Review by C.J. Bunce
Readers will expect plenty from the author of such notable noir novels as Double Indemnity, The Postman Always Rings Twice, and Mildred Pierce. James M. Cain wrote several works after these classics, both in and outside the genre. But his last novel, The Cocktail Waitress, was never published–Cain instead found himself re-writing it and never giving the final handoff to the agent and publisher in a form he was happy with. That is, until Hard Case Crime tracked it down, and writer/editor Charles Ardai took all the sometimes competing bits and pieces and edited into a final novel, first published in 2012.
The fun of The Cocktail Waitress is Cain’s writing choices, and the unknown quantity is wondering how much was truly Cain’s preferred words and sections, and how close Ardai’s edit is to Cain’s original vision. Cain, who many consider one of the greats of the crime genre along with Dashiell Hammett and Raymond Chandler (who co-scripted the screenplay to the film adaptation of Cain’s Double Indemnity), presents a slow-simmering story of a femme fatale told from the first-person perspective of that femme fatale. Unfortunately the story never quite catches fire until the final four chapters, and really sets ablaze in a bombshell in the final paragraph of the final page. The cocktail waitress of the title is Joan Medford, a 21-year-old housewife we meet upon learning of her husband’s death. Her husband was an alcoholic and abusive to her and her son, and he died in a car wreck after storming out of the house drunk. Or was he? Police repeatedly return to question her. Cain’s struggling heroine is easy to empathize with, but the circumstances in which she finds herself prompt the reader to question whether she is lying to us, lying to herself, or maybe she is just one of Cain’s hapless victims of the multiple blows that life deals out.
Joan leaves her son with a relative and lands a job as a cocktail waitress. Her goal is to be able to afford to take care of her son again. She befriends two men who are customers at work, a wealthy older man named Mr. White, and a young, attractive bad boy named Tom who is reckless and doesn’t understand his own stupidity. As she describes herself and her actions, Joan does not seem the architect of her own trajectory, but she also is conscious of not letting any man determine her fate. The men seem to pursue paths with her that she seemingly is also considering, and she goes along, sometimes with disastrous consequences. Her character lacks some consistency, which may be a fault more of the nature of a final, pieced together novel. She seems sensible and wise, as most people tell themselves about their own actions. Yet she physically attacks a man at work for acting inappropriately, with little preparation for the reader. She makes a business deal that risks her nest egg. She takes actions that risk her job. So there is an impulsive side to her, but is she the kind of person that would murder someone, and not just one husband, but other men, too? What will she do, and how far will she go, for her son? Can we trust her? Can we trust Cain?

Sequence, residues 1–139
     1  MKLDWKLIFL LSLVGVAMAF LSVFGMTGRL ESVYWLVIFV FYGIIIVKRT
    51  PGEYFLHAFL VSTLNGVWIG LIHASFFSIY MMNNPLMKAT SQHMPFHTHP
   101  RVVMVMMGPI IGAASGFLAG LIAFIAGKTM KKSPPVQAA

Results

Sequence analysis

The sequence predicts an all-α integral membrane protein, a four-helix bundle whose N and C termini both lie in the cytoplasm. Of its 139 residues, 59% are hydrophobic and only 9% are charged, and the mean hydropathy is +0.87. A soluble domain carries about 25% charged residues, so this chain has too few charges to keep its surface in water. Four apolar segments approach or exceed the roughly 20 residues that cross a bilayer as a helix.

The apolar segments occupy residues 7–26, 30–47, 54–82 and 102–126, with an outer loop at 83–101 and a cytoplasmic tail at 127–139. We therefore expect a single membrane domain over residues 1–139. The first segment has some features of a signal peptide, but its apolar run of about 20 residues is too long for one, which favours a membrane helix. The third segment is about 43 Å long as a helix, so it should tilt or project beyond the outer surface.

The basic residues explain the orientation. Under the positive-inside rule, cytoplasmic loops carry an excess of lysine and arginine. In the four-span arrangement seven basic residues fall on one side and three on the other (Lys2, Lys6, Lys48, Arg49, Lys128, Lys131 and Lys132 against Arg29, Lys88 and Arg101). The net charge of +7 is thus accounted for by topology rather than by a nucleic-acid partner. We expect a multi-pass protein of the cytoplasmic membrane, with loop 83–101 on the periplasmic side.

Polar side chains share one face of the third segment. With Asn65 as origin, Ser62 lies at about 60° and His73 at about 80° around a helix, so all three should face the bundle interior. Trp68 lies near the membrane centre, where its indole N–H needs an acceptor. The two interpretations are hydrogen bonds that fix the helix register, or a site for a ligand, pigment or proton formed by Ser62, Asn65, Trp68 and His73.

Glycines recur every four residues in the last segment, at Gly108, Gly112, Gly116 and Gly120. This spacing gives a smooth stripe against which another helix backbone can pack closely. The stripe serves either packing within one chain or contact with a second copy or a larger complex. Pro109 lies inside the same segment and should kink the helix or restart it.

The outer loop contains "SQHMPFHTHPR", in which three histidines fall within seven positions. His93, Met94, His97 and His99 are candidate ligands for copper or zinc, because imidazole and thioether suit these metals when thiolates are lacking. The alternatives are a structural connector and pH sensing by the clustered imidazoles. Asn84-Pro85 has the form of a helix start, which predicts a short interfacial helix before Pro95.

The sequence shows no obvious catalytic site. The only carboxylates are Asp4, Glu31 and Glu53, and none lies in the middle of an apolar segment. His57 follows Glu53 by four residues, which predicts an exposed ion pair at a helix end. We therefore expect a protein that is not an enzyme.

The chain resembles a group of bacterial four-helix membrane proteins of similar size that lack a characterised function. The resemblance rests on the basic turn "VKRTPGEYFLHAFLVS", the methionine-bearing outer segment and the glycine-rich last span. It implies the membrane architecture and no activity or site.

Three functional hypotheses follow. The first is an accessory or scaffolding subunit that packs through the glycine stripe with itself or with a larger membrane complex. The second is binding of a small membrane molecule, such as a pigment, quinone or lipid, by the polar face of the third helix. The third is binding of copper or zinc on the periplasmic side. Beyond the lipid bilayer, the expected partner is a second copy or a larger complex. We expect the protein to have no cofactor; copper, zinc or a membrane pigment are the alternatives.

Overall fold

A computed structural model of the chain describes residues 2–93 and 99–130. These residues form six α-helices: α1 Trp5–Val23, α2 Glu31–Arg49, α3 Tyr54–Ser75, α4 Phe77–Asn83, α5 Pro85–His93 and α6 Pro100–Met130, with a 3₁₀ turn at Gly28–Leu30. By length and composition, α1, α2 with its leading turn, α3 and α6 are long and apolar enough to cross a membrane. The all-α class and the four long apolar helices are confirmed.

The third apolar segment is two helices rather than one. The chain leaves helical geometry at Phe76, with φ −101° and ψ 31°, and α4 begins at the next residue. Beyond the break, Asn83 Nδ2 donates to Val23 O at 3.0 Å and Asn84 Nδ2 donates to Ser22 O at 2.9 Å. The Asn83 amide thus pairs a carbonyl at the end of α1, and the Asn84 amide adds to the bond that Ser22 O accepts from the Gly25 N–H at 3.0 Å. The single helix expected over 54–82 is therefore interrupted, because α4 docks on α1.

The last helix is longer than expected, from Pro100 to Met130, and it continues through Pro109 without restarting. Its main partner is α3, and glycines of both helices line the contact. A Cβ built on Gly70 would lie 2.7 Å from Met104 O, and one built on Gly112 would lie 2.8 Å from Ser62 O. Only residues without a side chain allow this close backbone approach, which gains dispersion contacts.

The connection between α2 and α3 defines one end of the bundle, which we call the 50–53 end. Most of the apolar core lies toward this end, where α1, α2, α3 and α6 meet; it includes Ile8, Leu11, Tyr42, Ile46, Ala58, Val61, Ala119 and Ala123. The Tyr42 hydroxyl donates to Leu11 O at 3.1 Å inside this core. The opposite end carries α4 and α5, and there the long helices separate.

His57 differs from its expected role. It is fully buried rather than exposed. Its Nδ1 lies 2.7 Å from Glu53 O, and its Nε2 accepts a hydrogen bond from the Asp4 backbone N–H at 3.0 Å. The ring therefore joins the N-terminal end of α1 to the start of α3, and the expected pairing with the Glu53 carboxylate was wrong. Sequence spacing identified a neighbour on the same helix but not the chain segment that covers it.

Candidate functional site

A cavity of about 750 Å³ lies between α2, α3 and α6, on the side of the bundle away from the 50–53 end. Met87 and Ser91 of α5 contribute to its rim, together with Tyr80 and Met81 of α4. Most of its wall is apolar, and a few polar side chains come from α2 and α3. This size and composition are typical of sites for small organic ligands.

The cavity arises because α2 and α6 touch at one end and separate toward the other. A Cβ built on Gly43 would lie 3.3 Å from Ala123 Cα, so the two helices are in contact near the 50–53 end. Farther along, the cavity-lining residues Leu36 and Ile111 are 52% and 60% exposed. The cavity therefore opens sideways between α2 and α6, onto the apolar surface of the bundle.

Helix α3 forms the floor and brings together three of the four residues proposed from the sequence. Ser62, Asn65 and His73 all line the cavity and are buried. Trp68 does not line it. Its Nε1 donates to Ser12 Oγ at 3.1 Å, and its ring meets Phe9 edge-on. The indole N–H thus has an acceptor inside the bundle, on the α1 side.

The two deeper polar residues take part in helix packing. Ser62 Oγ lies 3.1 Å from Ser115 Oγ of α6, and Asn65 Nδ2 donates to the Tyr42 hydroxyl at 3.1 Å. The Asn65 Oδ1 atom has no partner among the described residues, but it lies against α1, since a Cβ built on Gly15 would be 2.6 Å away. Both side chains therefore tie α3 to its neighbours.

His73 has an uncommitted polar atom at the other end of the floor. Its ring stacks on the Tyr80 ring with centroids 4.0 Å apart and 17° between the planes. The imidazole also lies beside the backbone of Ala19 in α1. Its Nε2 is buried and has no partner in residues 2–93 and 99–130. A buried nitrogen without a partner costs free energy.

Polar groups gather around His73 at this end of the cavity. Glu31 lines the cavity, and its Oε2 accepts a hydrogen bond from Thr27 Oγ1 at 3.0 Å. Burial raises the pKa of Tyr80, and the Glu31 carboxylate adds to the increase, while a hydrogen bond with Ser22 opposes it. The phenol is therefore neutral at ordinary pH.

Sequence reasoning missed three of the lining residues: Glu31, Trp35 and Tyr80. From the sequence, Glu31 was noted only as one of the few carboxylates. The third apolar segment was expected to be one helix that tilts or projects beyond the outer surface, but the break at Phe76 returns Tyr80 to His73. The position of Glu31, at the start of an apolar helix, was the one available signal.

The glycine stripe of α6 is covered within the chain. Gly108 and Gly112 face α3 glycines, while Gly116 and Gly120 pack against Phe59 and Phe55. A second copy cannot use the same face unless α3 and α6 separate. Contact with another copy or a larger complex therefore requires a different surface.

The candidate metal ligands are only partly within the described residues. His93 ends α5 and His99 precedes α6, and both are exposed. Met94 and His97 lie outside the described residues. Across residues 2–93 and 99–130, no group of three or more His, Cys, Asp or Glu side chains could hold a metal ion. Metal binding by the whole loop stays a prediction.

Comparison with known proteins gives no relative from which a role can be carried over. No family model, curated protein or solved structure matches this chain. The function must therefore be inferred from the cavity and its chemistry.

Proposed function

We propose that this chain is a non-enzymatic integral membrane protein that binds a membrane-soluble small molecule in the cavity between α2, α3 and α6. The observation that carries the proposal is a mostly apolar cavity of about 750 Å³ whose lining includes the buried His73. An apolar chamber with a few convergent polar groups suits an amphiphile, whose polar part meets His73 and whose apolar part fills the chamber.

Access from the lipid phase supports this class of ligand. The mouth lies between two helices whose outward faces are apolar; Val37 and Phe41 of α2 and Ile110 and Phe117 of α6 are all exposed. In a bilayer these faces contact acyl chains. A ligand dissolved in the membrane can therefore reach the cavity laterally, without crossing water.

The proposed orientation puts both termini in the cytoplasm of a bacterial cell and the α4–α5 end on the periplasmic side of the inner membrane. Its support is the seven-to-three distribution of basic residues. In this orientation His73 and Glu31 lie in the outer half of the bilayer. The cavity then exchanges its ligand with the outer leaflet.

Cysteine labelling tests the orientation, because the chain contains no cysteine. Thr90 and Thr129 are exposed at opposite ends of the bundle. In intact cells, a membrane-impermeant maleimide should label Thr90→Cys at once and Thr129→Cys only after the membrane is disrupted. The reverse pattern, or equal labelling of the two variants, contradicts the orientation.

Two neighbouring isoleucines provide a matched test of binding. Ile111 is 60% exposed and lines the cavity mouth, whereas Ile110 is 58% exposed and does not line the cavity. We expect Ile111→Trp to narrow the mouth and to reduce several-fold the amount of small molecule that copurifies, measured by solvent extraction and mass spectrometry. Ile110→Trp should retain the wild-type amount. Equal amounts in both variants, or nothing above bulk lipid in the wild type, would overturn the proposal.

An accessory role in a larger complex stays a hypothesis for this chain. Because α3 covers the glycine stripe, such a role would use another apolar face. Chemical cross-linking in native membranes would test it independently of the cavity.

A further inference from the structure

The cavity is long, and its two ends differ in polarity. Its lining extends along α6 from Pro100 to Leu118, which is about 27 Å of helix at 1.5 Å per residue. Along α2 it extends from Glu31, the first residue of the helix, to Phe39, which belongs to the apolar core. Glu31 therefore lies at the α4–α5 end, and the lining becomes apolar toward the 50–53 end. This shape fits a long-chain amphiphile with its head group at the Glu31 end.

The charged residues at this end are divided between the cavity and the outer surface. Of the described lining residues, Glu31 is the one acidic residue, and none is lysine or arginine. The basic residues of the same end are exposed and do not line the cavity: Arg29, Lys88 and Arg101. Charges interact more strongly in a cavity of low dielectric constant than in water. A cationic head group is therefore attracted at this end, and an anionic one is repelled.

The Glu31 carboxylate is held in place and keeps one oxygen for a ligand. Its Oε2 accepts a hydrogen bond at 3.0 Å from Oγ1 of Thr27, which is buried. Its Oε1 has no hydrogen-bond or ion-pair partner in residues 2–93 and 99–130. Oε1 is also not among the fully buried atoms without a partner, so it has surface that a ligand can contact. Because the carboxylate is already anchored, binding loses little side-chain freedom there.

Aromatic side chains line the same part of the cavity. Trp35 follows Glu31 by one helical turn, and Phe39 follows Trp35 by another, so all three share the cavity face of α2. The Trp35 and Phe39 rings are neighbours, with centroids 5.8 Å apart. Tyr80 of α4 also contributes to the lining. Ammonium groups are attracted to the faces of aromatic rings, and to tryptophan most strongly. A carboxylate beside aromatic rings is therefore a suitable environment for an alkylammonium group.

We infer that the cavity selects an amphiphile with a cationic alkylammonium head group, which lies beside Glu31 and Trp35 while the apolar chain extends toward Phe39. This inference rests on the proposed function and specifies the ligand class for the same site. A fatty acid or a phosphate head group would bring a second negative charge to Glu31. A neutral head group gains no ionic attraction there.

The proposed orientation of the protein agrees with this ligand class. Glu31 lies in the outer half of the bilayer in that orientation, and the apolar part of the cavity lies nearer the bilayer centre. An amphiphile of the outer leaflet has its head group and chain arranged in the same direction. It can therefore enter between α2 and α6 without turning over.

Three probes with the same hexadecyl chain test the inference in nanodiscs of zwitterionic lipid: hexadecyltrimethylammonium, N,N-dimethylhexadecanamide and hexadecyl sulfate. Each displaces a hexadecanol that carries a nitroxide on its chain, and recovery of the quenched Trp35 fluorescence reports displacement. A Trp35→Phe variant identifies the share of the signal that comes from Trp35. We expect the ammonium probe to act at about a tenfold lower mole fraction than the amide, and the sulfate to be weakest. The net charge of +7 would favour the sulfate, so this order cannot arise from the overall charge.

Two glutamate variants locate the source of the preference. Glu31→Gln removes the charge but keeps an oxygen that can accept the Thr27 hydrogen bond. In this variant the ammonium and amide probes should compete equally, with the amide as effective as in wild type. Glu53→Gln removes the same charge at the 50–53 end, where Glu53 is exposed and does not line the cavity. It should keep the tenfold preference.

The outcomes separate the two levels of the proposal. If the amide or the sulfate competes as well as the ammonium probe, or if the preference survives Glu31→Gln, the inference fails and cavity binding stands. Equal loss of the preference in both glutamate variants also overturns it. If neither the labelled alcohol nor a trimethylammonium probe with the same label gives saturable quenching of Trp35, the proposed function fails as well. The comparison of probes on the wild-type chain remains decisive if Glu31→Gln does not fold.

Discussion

The Cocktail Waitress feels like a movie in black and white, perhaps with Barbara Stanwyck in the lead as Joan. At points the story may veer into Lolita territory, and is paced most similarly to Alfred Hitchcock’s Shadow of a Doubt. Is Joan a very clever Black Widow? And if she is successful–landing the man she wants, the money she needs, and a home and security for her son–will Cain allow her to truly be victorious? The Cocktail Waitress, at its core, is the kind of story one could see Quentin Tarantino adapting to film in the style of Jackie Brown simply by adjusting the decade and modifying the ending. It’s a good base story that could use some tweaking.
The story includes one unfortunate gimmick, which would have been a brilliant story element had the story been written a decade prior to Cain’s completion of the draft of the novel in 1975 at the age of 83. That gimmick’s success requires the reader to have knowledge of the history of the drug thalidomide, known to Cain and the world for its horrible side effects at the time of the writing, but not to the characters back in the 1960s of his story. One wonders if Cain knew that this story detail was, indeed, too much for the story, or whether this was simply the story he wanted to tell. The final chapters are certainly consistent with the shock and characters he became known for early in his career. Plus, Cain has a better grasp on women than many of his contemporaries–Joan is a well-rounded person who makes her share of wise moves and bad ones, and not because of her sex.
A must-read for James M. Cain completists, and an interesting addition to the crime novel library, The Cocktail Waitress is available here in paperback and here in audiobook, at Amazon. The novel will be satisfying for those noir readers who like to settle down for a slow read in a seedy town with its dark corners, circa 1960-something.
This one is a bit of a slow build-up, especially compared to Cain’s best-known work. However, it’s an intriguing case of the unreliable narrator and well worth reading, as you pointed out.